Sky News has suggested that an independent body should be set up for general election debates on television.
This debates commission would be similar to the US’s Presidential Debates Commission which is an organisation that deals with the sponsoring and organising of televised debates.
Sky News has contacted party leaders and broadcasters with the aim of gathering support.
Jeremy Corbyn, leader of the Labour Party, has backed the campaign for an independent commission proposed by Sky News which would control and manage TV debates during general elections between party leaders.
“I welcome any move that will guarantee general election debates so that voters can hear directly from those putting themselves forward to lead the country,” said Corbyn.
Other MPs have agreed with the idea and have said that such TV debates would “energise” general election campaigns as opposed to the “backroom” deals which were previously organised between politicians and broadcasters.
As proposed by Sky News, the duties of the Leaders’ Debate Commission (LDC) would do the following:
- Set the format and rules of the debates
- Handle moderation
- Outline the criteria for political party participation
- Ensure the objectivity of audiences
- Steer negotiations between broadcasters and parties
During the run up to the general election in 2015, there were a great deal of negotiations about a televised political debate which Theresa May also refused to take part in in 2017.
The first party leader to ever support the televised debates was the leader of the Liberal Democrats, Sir Vince Cable, who in agreement with the 2010 TV debates said “They energised the whole election campaign. It’s surely right that the ground rules should be decided in a non-political independent environment of the kind you suggest. We should now be putting this structure in place so there’s no argy-bargy in the few weeks before the next general election.”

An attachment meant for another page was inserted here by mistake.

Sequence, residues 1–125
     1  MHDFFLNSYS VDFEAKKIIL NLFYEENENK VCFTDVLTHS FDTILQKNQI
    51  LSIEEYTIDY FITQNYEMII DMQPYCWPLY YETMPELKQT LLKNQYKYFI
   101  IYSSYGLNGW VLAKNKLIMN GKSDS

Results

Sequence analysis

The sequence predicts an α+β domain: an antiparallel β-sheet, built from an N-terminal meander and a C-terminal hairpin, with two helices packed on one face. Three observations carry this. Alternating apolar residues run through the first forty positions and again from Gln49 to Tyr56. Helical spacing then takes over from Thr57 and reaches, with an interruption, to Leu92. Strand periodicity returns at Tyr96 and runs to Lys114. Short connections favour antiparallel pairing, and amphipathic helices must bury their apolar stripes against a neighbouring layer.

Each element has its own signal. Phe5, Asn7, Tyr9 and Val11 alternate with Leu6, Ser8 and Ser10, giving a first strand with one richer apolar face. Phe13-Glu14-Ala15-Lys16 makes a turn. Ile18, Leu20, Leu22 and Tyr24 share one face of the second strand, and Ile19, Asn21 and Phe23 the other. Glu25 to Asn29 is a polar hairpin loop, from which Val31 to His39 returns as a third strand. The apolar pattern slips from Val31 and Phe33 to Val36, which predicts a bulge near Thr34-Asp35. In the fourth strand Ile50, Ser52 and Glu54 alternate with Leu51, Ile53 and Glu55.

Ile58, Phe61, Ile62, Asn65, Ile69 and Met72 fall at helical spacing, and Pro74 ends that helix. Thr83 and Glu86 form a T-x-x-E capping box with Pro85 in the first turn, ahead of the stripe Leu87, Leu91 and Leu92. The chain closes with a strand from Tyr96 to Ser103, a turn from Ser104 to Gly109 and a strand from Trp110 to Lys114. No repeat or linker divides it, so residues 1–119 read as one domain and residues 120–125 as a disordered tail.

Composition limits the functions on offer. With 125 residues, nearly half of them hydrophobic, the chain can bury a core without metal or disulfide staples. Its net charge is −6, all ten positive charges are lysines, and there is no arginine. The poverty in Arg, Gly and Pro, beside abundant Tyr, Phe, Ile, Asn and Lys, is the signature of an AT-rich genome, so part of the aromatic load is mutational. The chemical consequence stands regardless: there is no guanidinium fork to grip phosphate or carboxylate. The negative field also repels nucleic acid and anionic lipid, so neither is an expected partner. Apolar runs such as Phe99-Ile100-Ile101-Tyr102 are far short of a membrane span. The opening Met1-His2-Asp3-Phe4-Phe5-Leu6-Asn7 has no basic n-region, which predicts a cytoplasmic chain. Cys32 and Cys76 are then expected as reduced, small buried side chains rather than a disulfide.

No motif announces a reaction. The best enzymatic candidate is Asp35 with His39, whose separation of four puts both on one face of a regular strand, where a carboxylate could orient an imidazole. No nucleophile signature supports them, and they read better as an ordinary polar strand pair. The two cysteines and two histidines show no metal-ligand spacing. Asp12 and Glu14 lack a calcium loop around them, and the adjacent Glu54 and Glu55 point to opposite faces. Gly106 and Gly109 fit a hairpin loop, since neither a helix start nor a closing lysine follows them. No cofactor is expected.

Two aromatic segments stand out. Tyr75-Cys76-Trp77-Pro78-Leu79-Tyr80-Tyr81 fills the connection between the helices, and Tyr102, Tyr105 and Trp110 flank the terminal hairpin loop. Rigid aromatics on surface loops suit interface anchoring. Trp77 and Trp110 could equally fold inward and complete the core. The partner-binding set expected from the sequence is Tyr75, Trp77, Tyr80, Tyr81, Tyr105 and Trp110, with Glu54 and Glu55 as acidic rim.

Sky News has said that the LDC would benefit the general public as the debates would not be controlled by politicians as the commission itself would be responsible for deciding the format and rules of the debate, as well as the required criteria for party participation.
The head of Sky News, John Ryley, stated:
“This is all about doing what’s best for the voting public. Sky News, along with the other broadcasters, changed the political landscape in this country by creating the first leaders’ debates eight years ago. Sadly it stands as an exception rather than the watershed it should have been.
Political manoeuvring and failings by the broadcasters has allowed that momentum to be lost. Sky News believes an independent commission should set the terms for debates in future, to inform and engage the voting public with a head-to-head debate between the two political leaders battling it out for No 10.”
Additionally, Adam Boulton, Sky News’ editor-at-large, said:
“There have been two general elections since 2010 and no proper leaders’ debates took place in either of them. The electorate was repeatedly deprived of the most powerful live, appointment-to-view political programming that television can provide.
“Politicians are to blame for this failure. So too are the broadcasters. To ensure leaders’ debates happen regularly in future responsibility for organising them needs to be taken out of both their hands.”
The SNP’s spokesperson, MP Hannah Bardell, stated:
“The SNP has always supported and participated in Leaders’ TV debates, and it is time other parties caught up. The SNP is prepared to support an independent commission in principle, subject to agreement on fair representation for all parties in such debates.
It would be completely unacceptable and undemocratic for Westminster parties and broadcasters to attempt to stitch up and shut out the SNP from TV debates- as happened in the past.”